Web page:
Alexander Henderson of Duncan Lewis works closely with the ‘Halo Project’, based in Teesside, whose work focuses on protecting vulnerable women who are seeking to flee domestic abuse, forced marriage or female genital mutilation.
As part of their outreach work, the Halo Project arranged an event at Marlborough House in Stockton as part of their ‘Safe in Communities’ program. Alexander was invited to speak at the launch event for this program on the 7th November 2016.
Alexander addressed how the increasing incidents of ‘Hate Crime’ being reported from around 44,000 in 2013/2014 to 52,000 in 2014/2015 has significantly risen to 62,000 between 2015/2016. He highlighted that Hate Crime covers a range of violent and abusive behaviour which is aggravated by its focus towards race, religion, sexual orientation, transgender and/or disability.
He commented that the statistics are not representative of the true scale of the problem as it does not take into account the fact that people fail to report the incidents to the Police. Hate crime often goes unreported as the person to whom it is directed towards may not view it as a significant enough incident to notify the Police, along with other factors. Furthermore, incidents of hate crime may overlap with other elements which in turns re-categorises the crime being reported; for example, a person being insulted with respect to their race and religion.
A focus of the discussion at the Halo Project Event was how minority communities can engage greater society and the role media platforms play in causing hate crime. Alexander exemplified this by commenting how a person may commit a crime and the media would ordinarily identify that person only by their name, however, if a Muslim were to commit the same crime it is often the case that they are first identified by their faith. As a result, tensions are created in society as people mistakenly attribute such criminality to the faith of the criminal.
Hate crime arises because the perpetrator is often ignorant and fearful of the individuals to whom they direct racial and religiously orientated abuse towards. Alexander highlighted that minority communities are becoming more insular due to fear of abuse and misunderstanding. Alexander urged those in attendance who represent different minority communities to engage socially, despite their reservations, to enable misconceptions to be corrected and bridges to be built.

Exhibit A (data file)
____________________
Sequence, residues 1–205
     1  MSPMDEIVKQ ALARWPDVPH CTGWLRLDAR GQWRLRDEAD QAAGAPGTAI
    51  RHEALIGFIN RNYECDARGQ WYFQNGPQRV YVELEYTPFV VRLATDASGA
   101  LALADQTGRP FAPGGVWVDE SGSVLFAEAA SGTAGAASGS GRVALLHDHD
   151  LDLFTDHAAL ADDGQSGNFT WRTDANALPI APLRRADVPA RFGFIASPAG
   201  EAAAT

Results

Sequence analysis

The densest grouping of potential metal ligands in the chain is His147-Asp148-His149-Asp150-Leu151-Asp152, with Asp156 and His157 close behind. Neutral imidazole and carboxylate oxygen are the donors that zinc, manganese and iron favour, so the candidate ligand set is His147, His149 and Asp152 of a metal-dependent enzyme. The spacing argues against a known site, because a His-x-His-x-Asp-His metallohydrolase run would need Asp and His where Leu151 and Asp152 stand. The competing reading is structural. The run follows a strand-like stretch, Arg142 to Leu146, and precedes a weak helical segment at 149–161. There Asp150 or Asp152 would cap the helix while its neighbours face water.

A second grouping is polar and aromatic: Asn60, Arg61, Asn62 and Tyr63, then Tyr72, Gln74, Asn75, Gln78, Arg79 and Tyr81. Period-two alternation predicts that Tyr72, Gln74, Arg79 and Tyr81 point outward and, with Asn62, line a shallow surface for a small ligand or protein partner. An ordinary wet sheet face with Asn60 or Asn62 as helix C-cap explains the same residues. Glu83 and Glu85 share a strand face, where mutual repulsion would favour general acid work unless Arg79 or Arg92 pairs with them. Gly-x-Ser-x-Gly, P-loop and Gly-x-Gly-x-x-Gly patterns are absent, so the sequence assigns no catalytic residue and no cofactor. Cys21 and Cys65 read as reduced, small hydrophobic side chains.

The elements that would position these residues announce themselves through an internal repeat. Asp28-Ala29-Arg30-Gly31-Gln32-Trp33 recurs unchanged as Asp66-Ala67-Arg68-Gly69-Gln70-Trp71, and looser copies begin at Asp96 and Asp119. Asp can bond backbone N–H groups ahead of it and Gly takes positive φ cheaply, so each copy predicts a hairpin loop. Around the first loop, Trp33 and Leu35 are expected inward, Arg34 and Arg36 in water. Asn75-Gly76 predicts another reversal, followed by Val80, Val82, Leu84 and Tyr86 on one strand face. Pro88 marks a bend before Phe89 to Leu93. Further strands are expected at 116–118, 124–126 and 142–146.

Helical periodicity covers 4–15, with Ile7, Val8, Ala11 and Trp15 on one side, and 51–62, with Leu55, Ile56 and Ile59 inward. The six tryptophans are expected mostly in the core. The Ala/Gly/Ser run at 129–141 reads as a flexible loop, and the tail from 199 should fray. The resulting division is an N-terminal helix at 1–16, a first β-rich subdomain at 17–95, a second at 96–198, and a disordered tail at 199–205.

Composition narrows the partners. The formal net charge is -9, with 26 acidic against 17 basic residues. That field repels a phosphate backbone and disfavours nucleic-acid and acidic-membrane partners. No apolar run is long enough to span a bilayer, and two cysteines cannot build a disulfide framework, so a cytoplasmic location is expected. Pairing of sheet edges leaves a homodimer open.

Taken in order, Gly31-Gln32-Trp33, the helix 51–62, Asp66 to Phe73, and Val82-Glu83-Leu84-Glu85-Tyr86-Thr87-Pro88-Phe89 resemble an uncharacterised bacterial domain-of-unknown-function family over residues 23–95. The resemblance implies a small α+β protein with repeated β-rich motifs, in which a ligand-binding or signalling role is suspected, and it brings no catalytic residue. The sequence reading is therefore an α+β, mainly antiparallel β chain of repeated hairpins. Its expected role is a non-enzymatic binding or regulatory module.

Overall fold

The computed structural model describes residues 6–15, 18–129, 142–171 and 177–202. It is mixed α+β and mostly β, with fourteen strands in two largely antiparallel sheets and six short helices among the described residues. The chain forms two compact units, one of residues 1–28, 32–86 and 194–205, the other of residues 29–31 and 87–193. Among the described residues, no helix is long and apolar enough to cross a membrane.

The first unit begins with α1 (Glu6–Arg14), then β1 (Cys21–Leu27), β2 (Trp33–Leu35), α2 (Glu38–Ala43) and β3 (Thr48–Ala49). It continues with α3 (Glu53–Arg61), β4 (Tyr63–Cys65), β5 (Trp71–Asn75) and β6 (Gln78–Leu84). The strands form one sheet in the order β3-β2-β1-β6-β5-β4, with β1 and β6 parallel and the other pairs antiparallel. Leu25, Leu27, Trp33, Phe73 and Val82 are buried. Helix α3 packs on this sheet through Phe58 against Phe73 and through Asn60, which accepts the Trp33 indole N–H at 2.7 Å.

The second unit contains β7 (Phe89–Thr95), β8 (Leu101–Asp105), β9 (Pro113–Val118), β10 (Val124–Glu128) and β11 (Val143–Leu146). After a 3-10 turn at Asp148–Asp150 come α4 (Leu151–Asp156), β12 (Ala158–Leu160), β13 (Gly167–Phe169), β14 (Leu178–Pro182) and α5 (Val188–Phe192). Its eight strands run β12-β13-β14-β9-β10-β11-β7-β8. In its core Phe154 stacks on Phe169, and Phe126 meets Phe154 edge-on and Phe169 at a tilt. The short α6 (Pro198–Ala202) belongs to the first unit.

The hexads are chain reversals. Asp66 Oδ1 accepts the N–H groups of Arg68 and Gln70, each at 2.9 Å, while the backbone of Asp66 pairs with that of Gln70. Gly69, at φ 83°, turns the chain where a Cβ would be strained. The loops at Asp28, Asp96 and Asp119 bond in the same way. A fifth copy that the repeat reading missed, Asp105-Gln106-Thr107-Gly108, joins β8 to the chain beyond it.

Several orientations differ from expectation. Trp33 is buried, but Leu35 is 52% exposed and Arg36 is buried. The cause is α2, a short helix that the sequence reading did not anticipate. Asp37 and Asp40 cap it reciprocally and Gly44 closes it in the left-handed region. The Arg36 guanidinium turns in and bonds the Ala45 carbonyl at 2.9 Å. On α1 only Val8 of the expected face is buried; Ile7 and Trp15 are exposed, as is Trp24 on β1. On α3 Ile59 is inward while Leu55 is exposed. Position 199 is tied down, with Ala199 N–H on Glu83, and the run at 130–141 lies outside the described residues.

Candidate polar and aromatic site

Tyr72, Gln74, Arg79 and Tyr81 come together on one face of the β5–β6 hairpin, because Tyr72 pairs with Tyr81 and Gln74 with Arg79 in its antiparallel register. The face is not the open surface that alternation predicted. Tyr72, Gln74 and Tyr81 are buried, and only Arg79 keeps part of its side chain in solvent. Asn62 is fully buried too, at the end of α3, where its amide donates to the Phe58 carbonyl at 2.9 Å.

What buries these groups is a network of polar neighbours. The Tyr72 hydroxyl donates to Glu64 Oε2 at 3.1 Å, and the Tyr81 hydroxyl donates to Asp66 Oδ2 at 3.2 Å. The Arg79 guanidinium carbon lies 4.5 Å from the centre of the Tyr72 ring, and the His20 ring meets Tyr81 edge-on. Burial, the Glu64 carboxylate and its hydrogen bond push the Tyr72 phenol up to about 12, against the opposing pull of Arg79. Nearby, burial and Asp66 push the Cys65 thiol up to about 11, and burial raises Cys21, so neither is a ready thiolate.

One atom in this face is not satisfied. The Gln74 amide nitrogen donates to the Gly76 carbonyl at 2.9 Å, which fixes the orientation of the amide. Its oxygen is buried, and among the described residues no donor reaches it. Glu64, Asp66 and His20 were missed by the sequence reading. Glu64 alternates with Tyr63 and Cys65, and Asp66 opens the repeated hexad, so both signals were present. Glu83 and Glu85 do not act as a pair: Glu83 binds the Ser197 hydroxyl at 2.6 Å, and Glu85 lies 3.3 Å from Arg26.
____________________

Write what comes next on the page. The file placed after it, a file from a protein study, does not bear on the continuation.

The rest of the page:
He also discussed ‘Radicalisation’ within Muslim communities. It was highlighted that there are a range of factors which make an individual vulnerable to radicalisation. Two key factors elaborated upon were that of isolation and anger. Alexander advised parents in attendance at the event that their children, without their knowledge, may be vulnerable to radicalisation via Social Media platforms and it is therefore vital that parents engage with their children regarding online activity. Alexander noted that often anger develops when certain images and articles, often fabricated to cause anger in those viewing such as children suffering in war torn countries, are shared online and people do not question their source.
Alexander highlighted that many radicalised young people who travel abroad to fight are often ordinary people from the UK. Young adults are often extremely impressionable, especially if they feel socially isolated and have paranoia towards greater society being against them.
To link both matters, he highlighted that such social isolation worsens as a result of hate crime.
Author Alexander Henderson is a Trainee Solicitor in the Family and Child Care Department of Legal 500 Law Firm Duncan Lewis, specialising in Domestic Violence and Forced Marriage Protection Orders.
Duncan Lewis’ Child Care Law department approaches each case with a level of understanding only achievable through specialising in Child Care law. Whether involving social services, or a private law matter, it is important to be represented by those who understand how the law may affect you and your family. The Duncan Lewis Child Care Law department includes members of the Law Society Children and Family Panel Members. The majority are also members of the Association for the Lawyers for Children, and of Resolution (formerly known as the Solicitors Family Law Association). We have acquired a number of kite-marks which are testament to the quality of the specialised work our staff undertake. We have had several high profile cases which include caste, underage marriages and international elements. To speak to a member of the team on an issue involving childcare, family or any concerns of domestic abuse, forced marriage or hate crime please call our specialist solicitors on 0333 772 0409 who will be happy to help.